Despite the FCC’s historically hands-off approach, industry leaders know the agency’s posture could change in the future, said David Brody, a privacy advocate who advised on creation of the bill.

Brody, who leads the Digital Justice Initiative at the nonprofit Lawyers’ Committee for Civil Rights Under the Law, said the FCC has not taken advantage of its budget and expertise in recent years, citing the fact that “cell phone location data is being bought and sold in apparent violation of the Communications Act and there has not been adequate enforcement or regulation."

Last June news reports revealed that T-Mobile had begun selling marketers data showing customers’ app usage. Last year the FTC rebuked the country’s six largest internet service providers (ISPs) for gathering massive amounts of customer personal data without adequately disclosing the practice.

“The FCC is the digital Rip Van Winkle,” said Jeff Chester, the executive director of the Center for Digital Democracy. “It has been sleeping for the last 20 years.”

Deep visibility into consumers' lives

The telecom industry has incredibly detailed knowledge of individual behaviors, experts and advocates said, noting that internet companies like Google can only see the traffic that traverses their services, whereas companies like AT&T and Comcast can potentially see all of that traffic and whatever else traverses their networks. They assert that this visibility into consumers’ lives – as well as the industry’s historic flouting of rules — requires more regulation.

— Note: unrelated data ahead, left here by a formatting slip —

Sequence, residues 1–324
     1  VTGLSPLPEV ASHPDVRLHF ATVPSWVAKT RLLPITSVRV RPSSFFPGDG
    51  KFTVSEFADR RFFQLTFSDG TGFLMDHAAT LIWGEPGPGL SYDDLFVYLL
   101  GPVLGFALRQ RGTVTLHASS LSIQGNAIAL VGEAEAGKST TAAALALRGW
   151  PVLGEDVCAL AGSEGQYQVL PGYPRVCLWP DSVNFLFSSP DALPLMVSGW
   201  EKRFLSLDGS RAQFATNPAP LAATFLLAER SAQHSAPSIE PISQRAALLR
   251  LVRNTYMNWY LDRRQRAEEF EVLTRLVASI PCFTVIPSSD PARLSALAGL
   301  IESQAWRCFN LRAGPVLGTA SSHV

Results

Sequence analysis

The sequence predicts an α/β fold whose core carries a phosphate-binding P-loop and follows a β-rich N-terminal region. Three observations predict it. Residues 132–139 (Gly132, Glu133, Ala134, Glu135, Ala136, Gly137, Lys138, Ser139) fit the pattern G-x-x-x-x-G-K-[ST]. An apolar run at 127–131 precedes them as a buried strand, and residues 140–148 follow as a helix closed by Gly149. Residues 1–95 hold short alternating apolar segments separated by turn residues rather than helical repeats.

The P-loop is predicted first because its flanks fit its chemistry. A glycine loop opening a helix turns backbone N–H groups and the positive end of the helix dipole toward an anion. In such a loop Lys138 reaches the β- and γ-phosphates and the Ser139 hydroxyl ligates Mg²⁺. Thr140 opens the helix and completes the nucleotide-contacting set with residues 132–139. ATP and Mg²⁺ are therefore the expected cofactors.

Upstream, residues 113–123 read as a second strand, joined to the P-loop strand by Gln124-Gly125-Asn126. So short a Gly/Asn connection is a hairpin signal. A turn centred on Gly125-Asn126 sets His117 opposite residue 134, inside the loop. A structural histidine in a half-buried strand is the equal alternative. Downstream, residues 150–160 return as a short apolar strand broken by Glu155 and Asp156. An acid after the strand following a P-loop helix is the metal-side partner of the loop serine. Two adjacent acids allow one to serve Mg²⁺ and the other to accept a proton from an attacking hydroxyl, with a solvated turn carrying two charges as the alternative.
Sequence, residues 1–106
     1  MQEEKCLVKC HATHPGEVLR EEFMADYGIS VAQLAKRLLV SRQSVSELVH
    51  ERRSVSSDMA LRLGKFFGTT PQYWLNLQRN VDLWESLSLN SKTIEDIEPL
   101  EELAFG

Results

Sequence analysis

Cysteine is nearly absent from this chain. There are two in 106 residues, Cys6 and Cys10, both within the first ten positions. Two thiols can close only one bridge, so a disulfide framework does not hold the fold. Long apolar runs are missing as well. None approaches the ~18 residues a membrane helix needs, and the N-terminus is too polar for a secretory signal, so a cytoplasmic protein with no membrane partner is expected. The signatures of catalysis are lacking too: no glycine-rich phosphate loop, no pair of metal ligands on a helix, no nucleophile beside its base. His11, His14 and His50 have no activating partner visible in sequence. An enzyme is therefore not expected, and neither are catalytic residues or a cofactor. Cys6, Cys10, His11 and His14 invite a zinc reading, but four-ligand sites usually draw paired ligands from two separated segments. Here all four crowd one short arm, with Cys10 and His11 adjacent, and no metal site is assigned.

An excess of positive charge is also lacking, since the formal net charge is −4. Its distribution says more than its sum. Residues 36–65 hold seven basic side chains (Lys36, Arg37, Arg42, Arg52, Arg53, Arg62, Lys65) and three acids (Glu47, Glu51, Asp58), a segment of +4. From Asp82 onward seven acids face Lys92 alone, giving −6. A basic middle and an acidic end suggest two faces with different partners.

“They're our ISP and they have access to everything,” said Harold Feld, senior vice president of Public Knowledge, a nonprofit focused on the digital marketplace.

He added that since ISP infrastructure supports mobile phones, among other things, the telecom companies “know where you are right now and what you're doing right now in a way that companies like Google and Facebook can only dream about knowing.”

Last month FCC Chair Jessica Rosenworcel announced a new privacy and data protection task force, saying the agency needs to do more about the telecom industry’s rampant abuses of individual privacy. She cited a 2018 New York Times story showing that the country's largest wireless carriers were selling real-time location information.